Gov. Patrick Speaks on State of Massachusetts Health Care at MMS Forum

Massachusetts Governor Deval Patrick addressed the state’s largest doctor’s advocacy group on Thursday about the status of the health care and payment reform movements and the challenges that still remain.

Currently, the governor said, 98.2 percent of Massachusetts adults and 99.8 percent of children have insurance coverage. Universal health care has most benefited minority, women, and low-income residents.

Mortality rates for testicular cancer in Hispanic men and cervical cancers in low-income women have seen double-digit decreases because of improved screening services and access to care now available under state law.  An estimated 150,000 Massachusetts residents have stopped smoking due to expanded access to smoking-cessation programs, the governor said.

“We started with the belief that health is a public good…and that this is an expression of the kind of Commonwealth we want to live in,” said Gov. Patrick, the lead speaker at the State of the State’s Health Care forum hosted by the Massachusetts Medical Society.

The leadership forum, now in its 13th year, also featured introductions by Mass. Health and Human Services Secretary JudyAnn Bigby, MD, and remarks by Harvard School of Public Health  Associate Dean  Robert J. Blendon,  ScD, Dean Clinic President and CEO Craig Samitt, MD, MBA, and Robert J. Shapiro, PhD, an economist and  former U.S. Under Secretary of Commerce for Economic Affairs.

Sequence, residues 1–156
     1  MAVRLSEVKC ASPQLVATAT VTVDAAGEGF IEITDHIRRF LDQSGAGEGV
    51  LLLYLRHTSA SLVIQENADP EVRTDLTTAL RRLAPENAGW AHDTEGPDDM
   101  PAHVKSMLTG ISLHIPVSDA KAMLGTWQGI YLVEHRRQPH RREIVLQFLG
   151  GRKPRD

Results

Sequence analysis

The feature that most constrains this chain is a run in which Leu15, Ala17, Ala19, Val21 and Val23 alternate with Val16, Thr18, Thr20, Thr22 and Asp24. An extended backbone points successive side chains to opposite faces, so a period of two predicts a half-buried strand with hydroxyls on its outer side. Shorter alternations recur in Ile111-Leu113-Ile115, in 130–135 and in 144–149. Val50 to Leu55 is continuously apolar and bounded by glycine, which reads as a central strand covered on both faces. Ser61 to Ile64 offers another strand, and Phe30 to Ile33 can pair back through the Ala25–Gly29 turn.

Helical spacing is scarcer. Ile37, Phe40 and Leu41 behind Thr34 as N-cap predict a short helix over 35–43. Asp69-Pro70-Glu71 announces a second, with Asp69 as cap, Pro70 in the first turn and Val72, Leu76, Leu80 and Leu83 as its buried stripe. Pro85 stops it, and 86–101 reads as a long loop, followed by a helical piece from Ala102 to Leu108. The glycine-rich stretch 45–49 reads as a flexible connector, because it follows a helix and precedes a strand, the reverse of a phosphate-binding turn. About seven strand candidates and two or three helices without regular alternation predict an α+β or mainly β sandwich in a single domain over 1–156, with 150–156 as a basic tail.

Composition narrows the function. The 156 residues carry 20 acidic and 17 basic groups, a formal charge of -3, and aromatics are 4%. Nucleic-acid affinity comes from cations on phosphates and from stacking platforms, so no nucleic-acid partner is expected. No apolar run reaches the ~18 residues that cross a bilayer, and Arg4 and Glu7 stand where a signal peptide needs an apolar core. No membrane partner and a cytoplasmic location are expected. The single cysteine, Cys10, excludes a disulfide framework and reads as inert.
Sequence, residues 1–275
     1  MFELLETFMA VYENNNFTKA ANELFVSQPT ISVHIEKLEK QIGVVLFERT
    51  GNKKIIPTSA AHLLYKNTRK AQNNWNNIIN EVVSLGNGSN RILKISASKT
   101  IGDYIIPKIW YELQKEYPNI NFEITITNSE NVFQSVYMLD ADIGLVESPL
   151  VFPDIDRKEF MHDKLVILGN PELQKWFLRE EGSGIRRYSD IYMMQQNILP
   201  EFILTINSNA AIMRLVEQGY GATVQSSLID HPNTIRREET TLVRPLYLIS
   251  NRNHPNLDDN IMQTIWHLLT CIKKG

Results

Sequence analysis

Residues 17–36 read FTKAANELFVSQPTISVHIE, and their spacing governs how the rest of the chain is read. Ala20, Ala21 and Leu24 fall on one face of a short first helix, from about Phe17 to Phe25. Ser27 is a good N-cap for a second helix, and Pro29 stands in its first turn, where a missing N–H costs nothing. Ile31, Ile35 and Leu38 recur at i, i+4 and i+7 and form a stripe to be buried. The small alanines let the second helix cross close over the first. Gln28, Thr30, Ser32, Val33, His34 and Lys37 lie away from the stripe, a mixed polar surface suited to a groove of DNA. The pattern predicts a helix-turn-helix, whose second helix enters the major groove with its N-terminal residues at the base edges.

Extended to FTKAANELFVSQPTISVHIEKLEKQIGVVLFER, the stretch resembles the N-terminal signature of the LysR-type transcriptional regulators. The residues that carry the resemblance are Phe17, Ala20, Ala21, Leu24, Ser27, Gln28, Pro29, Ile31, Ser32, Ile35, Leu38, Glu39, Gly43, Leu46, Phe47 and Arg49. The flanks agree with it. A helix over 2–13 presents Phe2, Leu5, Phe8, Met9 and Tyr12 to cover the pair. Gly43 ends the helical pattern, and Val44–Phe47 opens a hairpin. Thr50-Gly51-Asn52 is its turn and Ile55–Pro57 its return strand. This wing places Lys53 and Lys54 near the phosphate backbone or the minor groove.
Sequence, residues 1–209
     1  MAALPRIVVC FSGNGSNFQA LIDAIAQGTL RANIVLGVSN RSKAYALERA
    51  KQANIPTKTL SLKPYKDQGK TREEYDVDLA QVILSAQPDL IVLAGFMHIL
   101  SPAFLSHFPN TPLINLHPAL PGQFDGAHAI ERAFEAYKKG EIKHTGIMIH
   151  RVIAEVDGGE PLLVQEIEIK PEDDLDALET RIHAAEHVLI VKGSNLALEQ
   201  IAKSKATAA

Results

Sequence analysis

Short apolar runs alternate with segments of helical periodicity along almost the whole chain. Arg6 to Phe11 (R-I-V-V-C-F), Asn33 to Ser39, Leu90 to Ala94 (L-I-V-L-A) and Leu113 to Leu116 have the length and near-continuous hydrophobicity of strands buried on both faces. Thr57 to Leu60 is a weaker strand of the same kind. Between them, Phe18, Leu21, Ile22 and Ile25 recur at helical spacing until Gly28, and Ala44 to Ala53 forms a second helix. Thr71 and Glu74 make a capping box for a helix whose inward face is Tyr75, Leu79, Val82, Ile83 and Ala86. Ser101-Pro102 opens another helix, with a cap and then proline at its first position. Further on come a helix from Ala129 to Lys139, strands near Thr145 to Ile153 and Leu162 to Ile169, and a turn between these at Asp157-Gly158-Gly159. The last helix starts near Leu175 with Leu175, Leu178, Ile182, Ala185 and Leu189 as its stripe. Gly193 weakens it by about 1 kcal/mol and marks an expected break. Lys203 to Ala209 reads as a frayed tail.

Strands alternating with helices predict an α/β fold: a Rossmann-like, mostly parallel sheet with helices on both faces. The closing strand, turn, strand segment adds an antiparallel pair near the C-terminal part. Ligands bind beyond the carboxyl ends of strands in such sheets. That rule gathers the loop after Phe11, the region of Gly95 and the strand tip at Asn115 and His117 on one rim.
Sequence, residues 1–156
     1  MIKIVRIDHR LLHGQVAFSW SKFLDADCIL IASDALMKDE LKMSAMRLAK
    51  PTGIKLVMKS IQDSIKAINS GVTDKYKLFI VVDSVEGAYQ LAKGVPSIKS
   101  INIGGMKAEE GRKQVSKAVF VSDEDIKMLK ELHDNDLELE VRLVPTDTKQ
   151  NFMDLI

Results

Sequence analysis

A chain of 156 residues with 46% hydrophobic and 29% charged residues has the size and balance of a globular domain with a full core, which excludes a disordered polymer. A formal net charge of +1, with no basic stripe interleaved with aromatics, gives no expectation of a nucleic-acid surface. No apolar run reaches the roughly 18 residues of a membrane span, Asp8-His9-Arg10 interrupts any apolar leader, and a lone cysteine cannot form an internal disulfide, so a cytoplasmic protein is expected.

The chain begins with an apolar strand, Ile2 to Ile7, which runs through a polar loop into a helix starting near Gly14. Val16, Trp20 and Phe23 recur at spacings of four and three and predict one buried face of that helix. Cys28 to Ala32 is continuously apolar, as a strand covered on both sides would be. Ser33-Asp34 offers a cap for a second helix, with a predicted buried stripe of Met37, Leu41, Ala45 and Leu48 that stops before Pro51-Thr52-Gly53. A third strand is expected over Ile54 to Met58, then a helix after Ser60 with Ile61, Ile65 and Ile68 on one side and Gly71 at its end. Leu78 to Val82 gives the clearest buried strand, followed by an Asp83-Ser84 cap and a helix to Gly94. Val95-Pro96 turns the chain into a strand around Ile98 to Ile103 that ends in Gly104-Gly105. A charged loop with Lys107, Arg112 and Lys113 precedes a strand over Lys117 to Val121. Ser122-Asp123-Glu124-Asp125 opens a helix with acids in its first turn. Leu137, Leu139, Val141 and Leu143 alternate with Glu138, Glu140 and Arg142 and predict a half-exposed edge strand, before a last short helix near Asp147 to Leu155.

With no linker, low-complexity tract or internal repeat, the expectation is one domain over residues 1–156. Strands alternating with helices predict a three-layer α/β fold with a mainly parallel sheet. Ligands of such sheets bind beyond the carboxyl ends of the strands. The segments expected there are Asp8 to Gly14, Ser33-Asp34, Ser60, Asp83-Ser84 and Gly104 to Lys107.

A separate and ongoing challenge in the state’s health care reform process is insuring that premiums and heath care spending remain under control.  Otherwise, they remain a significant obstacle to economic recovery.  Small business owners need to be certain they can afford to take on new employees.

“Eighty-five percent of businesses in the Commonwealth are small businesses. If they don’t start hiring, we don’t get a recovery,” Gov. Patrick said.

The payment reform legislation signed into law this summer  – which ties health care costs to state economic growth and includes medical malpractice reforms – is the next step towards a system that offers incentives for good care, not “more care,” the governor said.

After his remarks, the governor took questions from the physicians in the audience.  He addressed the state’s growing physician shortage and difficulty in the recruitment and retention of primary care physicians.    A promising debt-forgiveness program  for medical school graduates  that added dozens of new PCPs to the state had to be scuttled during budget cutbacks in recent years, he said.

The governor also urged physicians to become involved in new advisory commissions to help guide payment reform, and advised hospital administrators to continue their work in eliminating systemic cost inefficiencies.

— Erica Noonan

Video: Governor Patrick’s Remarks

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